Nolan Key To Kings Game 1 Victory
The key to any championship run is depth. This was never more evident than when Monarchs forward Jordan Nolan and his linemates made the difference for the Los Angeles Kings in Game 1 of the 2012 Stanley Cup Final on Wednesday night.
Nolan appeared in 115 games with Manchester over the last two seasons including 40 games this year. He recorded career-highs with the Monarchs in each significant offensive category prior to being recalled by the Kings in February.
“I think when I was in Manchester, I felt pretty good about myself,” said Nolan about his time with the Monarchs earlier this season. “I was clicking a bit and getting some points and then I got called up and got tossed into a little bit of a different role which has worked out great.”
Nolan’s physical nature combined with his size and quick-release, left-handed shot were a perfect fit for what the Kings needed on their checking line.
Nolan’s game has always been physical. He has never been afraid to go after the puck in the corner and lay a check on an opponent.
“The areas I have seen him improve on, especially now in the most crucial part of the season, are his puck protection and his physical presence on the ice,” said Monarchs Assistant Coach Scott Pellerin. “He is finishing his checks. He is getting on pucks quickly. He is protecting the puck and making good plays and it was evident last night.”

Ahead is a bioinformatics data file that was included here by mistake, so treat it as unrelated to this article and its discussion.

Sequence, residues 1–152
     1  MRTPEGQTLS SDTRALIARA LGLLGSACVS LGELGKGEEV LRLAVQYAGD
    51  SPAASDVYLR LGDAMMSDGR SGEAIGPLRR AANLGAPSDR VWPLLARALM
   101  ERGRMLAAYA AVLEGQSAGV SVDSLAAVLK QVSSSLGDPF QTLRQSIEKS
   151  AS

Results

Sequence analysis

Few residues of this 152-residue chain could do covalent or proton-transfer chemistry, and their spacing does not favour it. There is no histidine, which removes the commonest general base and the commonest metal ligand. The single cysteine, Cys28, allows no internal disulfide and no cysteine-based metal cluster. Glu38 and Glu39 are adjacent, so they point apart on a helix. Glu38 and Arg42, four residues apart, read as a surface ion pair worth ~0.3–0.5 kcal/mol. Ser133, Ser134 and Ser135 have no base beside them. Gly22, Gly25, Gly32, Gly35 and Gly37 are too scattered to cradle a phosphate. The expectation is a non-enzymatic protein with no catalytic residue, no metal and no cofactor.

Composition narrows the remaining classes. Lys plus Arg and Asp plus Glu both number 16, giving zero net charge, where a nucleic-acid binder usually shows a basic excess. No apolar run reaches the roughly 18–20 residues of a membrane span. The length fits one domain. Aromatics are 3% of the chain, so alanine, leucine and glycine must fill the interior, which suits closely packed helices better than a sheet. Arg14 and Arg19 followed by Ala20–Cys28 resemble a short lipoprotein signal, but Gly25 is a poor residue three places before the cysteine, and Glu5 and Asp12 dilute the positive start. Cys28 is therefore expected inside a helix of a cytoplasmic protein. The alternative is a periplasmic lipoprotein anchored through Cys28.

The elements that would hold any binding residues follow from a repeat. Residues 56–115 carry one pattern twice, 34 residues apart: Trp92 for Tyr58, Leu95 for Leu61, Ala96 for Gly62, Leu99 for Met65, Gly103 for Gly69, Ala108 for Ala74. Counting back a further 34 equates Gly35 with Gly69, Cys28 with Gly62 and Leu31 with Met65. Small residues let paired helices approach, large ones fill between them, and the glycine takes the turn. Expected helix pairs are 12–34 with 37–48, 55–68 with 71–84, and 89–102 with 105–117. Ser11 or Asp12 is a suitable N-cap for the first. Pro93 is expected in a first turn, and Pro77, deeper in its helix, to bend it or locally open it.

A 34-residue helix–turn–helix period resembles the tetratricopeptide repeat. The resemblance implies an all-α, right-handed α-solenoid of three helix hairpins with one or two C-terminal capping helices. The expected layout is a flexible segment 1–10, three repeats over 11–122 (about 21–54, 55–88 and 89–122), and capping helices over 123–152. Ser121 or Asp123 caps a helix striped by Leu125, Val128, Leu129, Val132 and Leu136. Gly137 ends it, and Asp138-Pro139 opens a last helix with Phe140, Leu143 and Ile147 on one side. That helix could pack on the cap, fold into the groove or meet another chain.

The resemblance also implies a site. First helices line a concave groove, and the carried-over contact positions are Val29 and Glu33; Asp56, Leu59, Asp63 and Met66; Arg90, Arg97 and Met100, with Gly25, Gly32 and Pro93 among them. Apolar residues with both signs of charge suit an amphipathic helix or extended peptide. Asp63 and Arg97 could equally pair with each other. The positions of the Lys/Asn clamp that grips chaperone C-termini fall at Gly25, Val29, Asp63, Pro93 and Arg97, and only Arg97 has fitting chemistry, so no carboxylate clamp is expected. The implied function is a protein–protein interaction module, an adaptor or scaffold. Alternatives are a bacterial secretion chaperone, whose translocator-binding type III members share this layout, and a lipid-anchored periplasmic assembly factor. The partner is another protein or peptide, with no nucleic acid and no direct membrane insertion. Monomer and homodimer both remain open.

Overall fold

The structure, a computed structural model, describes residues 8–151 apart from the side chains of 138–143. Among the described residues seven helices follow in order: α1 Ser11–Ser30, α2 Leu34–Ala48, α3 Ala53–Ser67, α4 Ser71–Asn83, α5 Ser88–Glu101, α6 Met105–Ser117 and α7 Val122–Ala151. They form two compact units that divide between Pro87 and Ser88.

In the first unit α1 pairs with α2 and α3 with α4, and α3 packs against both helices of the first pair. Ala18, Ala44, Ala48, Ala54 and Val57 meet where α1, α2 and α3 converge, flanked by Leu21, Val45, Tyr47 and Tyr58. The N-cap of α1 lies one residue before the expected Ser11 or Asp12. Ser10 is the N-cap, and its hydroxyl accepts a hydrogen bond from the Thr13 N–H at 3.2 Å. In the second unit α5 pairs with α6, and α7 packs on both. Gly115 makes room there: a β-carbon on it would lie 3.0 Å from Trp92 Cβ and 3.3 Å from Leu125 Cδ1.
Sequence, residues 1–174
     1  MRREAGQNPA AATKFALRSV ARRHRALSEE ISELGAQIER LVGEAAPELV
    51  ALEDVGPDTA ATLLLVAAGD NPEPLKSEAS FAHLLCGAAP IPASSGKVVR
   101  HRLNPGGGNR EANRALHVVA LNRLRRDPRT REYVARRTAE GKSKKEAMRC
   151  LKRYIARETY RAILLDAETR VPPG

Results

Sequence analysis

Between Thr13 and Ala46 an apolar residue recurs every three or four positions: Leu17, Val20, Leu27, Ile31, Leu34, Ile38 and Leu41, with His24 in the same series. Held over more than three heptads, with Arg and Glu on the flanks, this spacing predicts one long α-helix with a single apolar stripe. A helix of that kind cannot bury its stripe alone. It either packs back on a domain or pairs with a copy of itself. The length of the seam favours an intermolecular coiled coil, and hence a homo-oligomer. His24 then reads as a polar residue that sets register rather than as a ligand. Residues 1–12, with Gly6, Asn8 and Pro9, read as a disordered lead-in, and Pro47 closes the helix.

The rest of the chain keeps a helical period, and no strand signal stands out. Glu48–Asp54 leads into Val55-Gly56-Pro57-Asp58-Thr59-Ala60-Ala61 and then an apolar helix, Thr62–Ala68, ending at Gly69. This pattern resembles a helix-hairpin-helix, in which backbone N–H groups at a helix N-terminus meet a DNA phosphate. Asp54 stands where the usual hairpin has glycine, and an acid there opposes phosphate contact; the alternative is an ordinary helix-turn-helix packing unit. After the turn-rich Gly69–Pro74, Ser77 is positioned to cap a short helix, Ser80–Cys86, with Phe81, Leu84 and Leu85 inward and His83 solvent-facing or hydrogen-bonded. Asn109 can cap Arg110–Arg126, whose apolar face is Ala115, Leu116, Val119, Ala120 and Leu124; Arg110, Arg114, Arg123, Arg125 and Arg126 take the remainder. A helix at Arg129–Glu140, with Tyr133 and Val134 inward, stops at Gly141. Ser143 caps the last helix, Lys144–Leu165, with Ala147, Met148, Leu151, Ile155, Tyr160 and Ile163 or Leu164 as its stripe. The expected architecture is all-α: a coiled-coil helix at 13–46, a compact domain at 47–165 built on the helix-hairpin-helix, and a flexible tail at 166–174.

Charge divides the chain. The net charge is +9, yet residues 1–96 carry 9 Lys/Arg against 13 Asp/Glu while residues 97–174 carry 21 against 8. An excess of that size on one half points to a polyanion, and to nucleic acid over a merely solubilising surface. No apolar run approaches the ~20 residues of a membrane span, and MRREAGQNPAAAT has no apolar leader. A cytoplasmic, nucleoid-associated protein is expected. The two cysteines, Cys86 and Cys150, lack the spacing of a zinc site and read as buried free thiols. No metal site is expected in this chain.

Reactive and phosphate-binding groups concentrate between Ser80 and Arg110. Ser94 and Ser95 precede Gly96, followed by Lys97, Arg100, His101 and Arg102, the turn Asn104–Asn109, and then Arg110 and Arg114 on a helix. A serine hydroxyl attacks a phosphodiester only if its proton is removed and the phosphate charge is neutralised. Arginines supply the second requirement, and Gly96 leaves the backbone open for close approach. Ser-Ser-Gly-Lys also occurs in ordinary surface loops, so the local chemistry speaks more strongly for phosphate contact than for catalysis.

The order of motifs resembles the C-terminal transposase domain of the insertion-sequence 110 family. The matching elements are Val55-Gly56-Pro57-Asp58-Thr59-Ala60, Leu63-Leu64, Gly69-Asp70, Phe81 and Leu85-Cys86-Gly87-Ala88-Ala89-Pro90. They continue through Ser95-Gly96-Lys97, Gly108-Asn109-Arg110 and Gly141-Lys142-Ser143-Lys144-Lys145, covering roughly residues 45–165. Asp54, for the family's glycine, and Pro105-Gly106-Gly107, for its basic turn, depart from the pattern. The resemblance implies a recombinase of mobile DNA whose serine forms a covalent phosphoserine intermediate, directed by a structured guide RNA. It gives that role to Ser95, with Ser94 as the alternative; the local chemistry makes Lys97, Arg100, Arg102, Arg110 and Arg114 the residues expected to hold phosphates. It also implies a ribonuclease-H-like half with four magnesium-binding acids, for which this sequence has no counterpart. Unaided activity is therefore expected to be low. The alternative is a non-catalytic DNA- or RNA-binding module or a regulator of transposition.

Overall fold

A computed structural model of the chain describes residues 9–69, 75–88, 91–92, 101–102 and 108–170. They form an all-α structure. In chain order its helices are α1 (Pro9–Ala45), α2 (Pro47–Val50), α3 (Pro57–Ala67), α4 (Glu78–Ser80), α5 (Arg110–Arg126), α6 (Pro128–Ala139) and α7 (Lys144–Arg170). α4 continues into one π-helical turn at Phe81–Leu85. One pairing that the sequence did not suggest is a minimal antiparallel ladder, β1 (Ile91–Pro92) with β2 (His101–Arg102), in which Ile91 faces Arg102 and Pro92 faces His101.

In Game 1 of the Stanley Cup Final, Nolan and his linemates, centers Colin Fraser and Brad Richardson, were one of the best lines for the Kings. The opening goal of the 2012 Stanley Cup Final went to the Kings when a forechecking Nolan stole the puck along the Devils end wall before he centered to Fraser for the goal in the first period.
Nolan and his linemates carried their great start in Game 1 into the second period. The Devils were surging and had taken momentum back from the Kings before Nolan’s line took the ice midway through the second period. The checking line managed to not only apply pressure but keep the puck in the Devils zone for much of their shift restoring momentum back in the Kings favor.
In the third period, Sutter once again called on his checking line, this time on six different occasions, giving the line valuable ice time late into a tied game.
I admire (Darryl) Sutter for the accountability he gives to his players,” credited Pellerin. “If you play well, you will play. I think they are showing the depth of their line-up right now. I think that is why they have had so much success on the road because they do not necessarily have to match lines. They are not going to get caught out there with the wrong line on the ice against the other team’s top line. They can play with anybody.”
Nolan finished the game with an assist, a plus-1 rating, four hits and two takeaways in just over 11 minutes in Game 1. Nolan is making the most of the time he has been given with the Kings and it seems the sky is the limit.
“Right now, if you look at the skill set he has, I see he can move up the ladder and establish himself as a top six guy at some point,” said Pellerin. “But I think right now, he is doing what he has to do. He has the size, the speed and the shot. He is starting to work the areas of the game where he is able to compliment so many other players and you can plug him into so many different roles. I think you are going to see him progress. It is a great experience for him.”
After his Game 1 performance, Kings fans are beginning to realize Nolan’s value and potential.